bmi regional: CEO Cathal O’Connell talks about life without bmi
Standing on its own as an independent carrier since 1 June 2012, when it was sold by IAG (who only owned it from 1 April that year) to Sector Aviation Holdings, bmi regional has wasted no time in assessing its network and quickly making the decision to cull those routes not making a contribution and to redeploy its assets (a mixed fleet of 18 ERJ-135s and ERJ-145s – 80% of which it owns) on new opportunities, predominantly in the UK, but also in mainland Europe. “We inherited a route network that was built around feeding Star Alliance hubs,” says airline CEO Cathal O’Connell. “Since we took over we have been in a phase of adapting the network, focused on improving the fleet productivity and placing the seven aircraft which came off wet-lease at the end of the summer 2012 season (five operating British Airways/bmi routes and two operating for Brussels Airlines). Our eight routes launching this summer have all been chosen by the new management team using a different strategy than bmi regional had previously operated to.”
New routes must have at least one city beginning with “B”
The results of this first phase in bmi regional’s rebirth has been a flurry of new services, including re-instating the Bremen-Toulouse route launched this week, largely as an Airbus corporate shuttle service, replacing the now defunct OLT Express Germany’s operation which stopped in January 2013. “This shows just how nimble and flexible we can be as a stand-alone airline,” adds O’Connell. “We’re still definitely interested in working with flag carriers on routes that fit our business model and aircraft type, but independent ownership allows us to be more opportunistic and make decisions quickly.”
|Start Date||New Routes in 2013||WF||Competition (WF)|
|Source: Innovata. *Increases to 12 per week on 8 Apr. ~Increases to 12 per week on 13 May.|
He continues: “All of the routes we have selected have an underlying corporate demand, but on all the routes there is also the possibility to attract leisure traffic too. We’ve done our homework.” Indeed, the carrier is already evaluating adding Saturday and Sunday rotations on its Bremen-Toulouse service to cater more effectively for both market segments.
Ad-hoc charters have become an increasingly important revenue stream for the carrier. “During the winter, we had spare unallocated capacity, which we used to cater for this market,” says O’Connell. “As a result of the success, we have allocated more capacity to this segment than was historically done in the past by bmi.”
Network fit for survival?
Looking at its May-13 schedules, only five of its 24 routes are competed, which would seem a reasonable recipe for long-term survival. It faces long-time adversary flybe on four routes, including Birmingham-Lyon, as well as on Manchester-Edinburgh (flybe operates 30 flights per week), and on Manchester-Aberdeen (23). The last of these is in indirect competition, as flybe is the operating airline for Brussels Airlines on Edinburgh-Brussels (12). The final route where bmi regional has competition, in this case against two airlines, is on Edinburgh-Copenhagen where its faces LCCs Norwegian (5) and easyJet (4).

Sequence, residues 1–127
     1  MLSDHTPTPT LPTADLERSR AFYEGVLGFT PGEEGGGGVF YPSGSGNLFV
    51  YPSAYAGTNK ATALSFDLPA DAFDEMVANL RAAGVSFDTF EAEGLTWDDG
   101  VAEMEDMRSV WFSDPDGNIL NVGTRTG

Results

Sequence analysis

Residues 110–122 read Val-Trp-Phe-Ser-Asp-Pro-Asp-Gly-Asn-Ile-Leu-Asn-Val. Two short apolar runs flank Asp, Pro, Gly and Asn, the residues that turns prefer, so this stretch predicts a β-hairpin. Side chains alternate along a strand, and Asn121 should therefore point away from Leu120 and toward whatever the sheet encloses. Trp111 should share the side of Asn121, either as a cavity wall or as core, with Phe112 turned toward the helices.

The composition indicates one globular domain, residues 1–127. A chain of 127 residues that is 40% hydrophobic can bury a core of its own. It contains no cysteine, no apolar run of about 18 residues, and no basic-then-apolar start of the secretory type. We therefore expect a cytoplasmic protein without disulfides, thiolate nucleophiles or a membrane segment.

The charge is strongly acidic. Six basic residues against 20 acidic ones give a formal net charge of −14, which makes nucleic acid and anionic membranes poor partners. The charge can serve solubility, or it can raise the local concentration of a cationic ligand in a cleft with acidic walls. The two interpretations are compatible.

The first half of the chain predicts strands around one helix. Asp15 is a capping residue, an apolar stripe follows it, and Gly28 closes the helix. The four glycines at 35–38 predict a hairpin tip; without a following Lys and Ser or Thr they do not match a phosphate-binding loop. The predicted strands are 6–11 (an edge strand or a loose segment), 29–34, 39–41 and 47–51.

All of the airline’s top 12 routes boast at least 11 weekly frequencies – offering the business passenger, as a minimum, the critical early morning flight out and evening return, plus a weekend rotation. It is this type of schedule on bmi regional’s biggest routes which the airline hopes will also deliver the yields needed to sustain its regional jet fleet. So despite many airlines having completely replaced their respective regional jet fleets, O’Connell remains positive about this segment. “There are still plenty of route development opportunities in the UK and across Europe for an airline with our operating model and aircraft type. Some of these are new and others have come about by the demise of carriers with similar sized aircraft such as OLT and Skyways.”
Report card: could do better
The airline became completely independent at the end of S’12 season, when all seven of the aircraft operating agreements with British Airways/bmi and Brussels Airlines came to an end. Looking at the latest publically available data, the impact of these deals ending on bmi regional’s load factors was immediate, however November is never likely to be the #1 for load factors for most airlines.
While the carrier’s report card will say “could do better” in terms of load factor, it is making some headway in terms of increasing its aircraft utilisation, although it still trails the UK airline average by around 33%. In 2011, the “old” bmi regional achieved just 5.1 daily hours on its ERJ-135 fleet, and 6.3 daily hours for its ERJ-145s. In November 2012, the “new” bmi regional has improved the ERJ-135 fleet utilisation by 8% up to 5.5 daily hours, while gains have been harder to come by for the ERJ-145s – up just under 2% to 6.4 daily hours – but they are at least moving in the right direction. Hopefully, this is just one of many positive indications for the airline as it adapts to life without its big brother.